There’s hope in having to start over. Within that idea, there’s the promise of making something a little better… I’m a guy who plays music who happens to have long hair. Am I country? Shoot, I’m from east Kentucky, and I don’t think it gets any countrier than that. If you wanna call me that, sure, I’ll take it and wear it proudly, but there are a lot of other influences that I would be quick to mention… I don’t remember [my parents] saying to me, ‘Well, you can’t listen to that kind of music or this kind of music.’ It was all on the table.
I’ve said time and time again in my previous reviews and blogs that for a long time I wasn’t a fan of country music. then I listened to (and reviewed!) Carrie Underwood’s album Cry Pretty (simply because it’s Carrie!), and now the rest is history. I’ve blogged about 9 country artists in my list of future musical influencers… and now here in 2021, I’m blogging about another ‘country’ artist. Yep, Chris Stapleton, even though his ‘brand’ of country is more rock country or Americana or bluegrass, it’s still technically classified as another country artist, and you all might think that I’m playing favourites and having some form of ‘nepotism’ when writing about artists in this blog series. You might think that I’m not giving other artists a fair go- like more representatives from rap or opera. However each one of these country artists in this blog series have struck a chord with me and pulled at my heart strings at one time or another. Each one deserving in their own right. Besides, this is a subjective list, and as I have found myself not connecting that much with artists from other genres overall… well you’re free to make your own lists, and place as many artists on from other genres, ok? If you guys don’t resonate with Chris’s music; well that’s more than fine! We’re all unique as people, and thus our likes and dislikes will be different. You may love rap and your friend possibly likes pop, and I am more partial to country. We can all get along, right? Good, now that we’ve got that out of the way.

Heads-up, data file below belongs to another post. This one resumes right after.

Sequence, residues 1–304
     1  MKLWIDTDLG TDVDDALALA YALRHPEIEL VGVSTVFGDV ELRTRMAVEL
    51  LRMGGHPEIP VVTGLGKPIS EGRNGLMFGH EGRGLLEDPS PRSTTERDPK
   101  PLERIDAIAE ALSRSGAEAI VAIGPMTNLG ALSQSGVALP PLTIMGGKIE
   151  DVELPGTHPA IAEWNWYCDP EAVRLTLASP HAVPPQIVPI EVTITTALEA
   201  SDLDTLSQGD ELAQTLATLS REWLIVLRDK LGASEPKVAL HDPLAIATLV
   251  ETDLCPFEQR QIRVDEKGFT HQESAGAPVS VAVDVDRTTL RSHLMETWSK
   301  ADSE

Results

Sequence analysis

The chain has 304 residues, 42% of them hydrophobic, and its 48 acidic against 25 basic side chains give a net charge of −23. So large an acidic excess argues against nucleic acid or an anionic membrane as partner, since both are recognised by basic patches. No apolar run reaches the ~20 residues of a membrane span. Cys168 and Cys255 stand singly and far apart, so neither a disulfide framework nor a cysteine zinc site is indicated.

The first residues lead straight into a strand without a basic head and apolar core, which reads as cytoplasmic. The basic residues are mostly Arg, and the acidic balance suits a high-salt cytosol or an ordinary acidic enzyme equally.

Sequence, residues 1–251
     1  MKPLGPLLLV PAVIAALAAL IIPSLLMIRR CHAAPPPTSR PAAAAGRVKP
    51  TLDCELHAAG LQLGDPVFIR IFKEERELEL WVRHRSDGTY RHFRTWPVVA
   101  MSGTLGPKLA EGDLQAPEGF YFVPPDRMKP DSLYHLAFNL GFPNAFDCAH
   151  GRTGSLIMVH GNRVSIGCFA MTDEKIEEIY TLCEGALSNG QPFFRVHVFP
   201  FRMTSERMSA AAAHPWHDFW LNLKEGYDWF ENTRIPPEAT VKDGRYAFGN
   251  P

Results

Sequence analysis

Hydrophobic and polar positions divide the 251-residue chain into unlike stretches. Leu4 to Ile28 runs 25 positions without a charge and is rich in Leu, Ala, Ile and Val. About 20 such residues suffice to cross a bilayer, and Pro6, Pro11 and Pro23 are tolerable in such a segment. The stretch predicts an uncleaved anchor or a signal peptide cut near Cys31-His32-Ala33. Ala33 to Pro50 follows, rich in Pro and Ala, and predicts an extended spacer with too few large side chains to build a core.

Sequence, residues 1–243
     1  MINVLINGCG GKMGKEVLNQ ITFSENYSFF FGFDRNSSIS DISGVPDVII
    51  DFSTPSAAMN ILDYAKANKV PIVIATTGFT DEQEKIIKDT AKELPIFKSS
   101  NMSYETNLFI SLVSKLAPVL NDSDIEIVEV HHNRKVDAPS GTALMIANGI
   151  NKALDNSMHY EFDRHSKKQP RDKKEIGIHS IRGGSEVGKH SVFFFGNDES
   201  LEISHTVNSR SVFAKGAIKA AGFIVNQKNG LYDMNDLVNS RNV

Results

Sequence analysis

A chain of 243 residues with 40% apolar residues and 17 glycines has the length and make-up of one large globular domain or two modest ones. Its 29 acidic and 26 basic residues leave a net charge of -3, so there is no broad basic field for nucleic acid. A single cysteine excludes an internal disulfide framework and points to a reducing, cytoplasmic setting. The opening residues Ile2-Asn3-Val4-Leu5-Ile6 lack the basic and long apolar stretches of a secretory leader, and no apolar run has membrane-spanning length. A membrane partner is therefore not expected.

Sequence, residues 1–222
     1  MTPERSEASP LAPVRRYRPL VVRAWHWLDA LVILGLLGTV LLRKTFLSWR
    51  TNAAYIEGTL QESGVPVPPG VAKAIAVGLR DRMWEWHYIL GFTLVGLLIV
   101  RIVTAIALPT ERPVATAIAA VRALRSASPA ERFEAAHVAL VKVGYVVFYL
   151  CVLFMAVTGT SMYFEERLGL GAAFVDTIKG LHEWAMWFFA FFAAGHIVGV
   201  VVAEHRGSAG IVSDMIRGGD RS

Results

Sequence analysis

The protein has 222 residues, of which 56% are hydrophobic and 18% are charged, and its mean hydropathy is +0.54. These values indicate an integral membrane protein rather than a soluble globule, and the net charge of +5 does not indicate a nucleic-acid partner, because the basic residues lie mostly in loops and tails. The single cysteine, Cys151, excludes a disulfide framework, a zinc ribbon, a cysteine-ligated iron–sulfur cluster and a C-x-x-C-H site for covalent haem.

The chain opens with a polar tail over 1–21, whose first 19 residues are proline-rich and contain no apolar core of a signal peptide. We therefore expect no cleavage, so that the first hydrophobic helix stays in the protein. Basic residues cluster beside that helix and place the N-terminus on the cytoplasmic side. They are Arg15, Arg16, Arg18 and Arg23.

Chris has got a unique voice. It’s low, gravelly, yet quite poignant and captivating. Chris has had an long hard road and journey to stardom- and it’s happened late in life as he’s in his 40’s now… and this unassuming testimony and story of his should indeed bring us comfort and assurance. Even if his music wasn’t that captivating (which it is!), the fact that Chris is willing to stick it out during the tough times, and to not falter even when times are tough (or the road to being a rock star being longer than expected!), is reason enough for his inclusion. Chris’s debut album Traveller was probably one of the most talked about country debut albums in recent memory; while Chris won several Country Music Association and Academy of Country Music Awards (2015 Male Vocalist of the Year, 2015 New Artist of the Year, 2015 Album of the Year for Traveller, 2016 Male Vocalist of the Year, 2016 Music Video of the Year for Fire Away, 2017 Album of the Year for From A Room: Volume 1, 2017 Male Vocalist of the Year [CMA’s]; and 2016 Album of the Year for Traveller, 2016 Male Vocalist of the Year, 2016 Song of the Year “Nobody to Blame”, 2016 New Male Vocalist of the Year, 2016 Songwriter of the Year, 2018 Album of the Year for From A Room: Volume 1, 2018 Male Vocalist of the Year [ACM’s]). These awards alone demand attention, and a deep analysis… and a dive into Chris’ heart-warming yet haunting and mysterious melodies demand attention and many listens as we examine probably one of the most underrated songwriters since Andrew Peterson.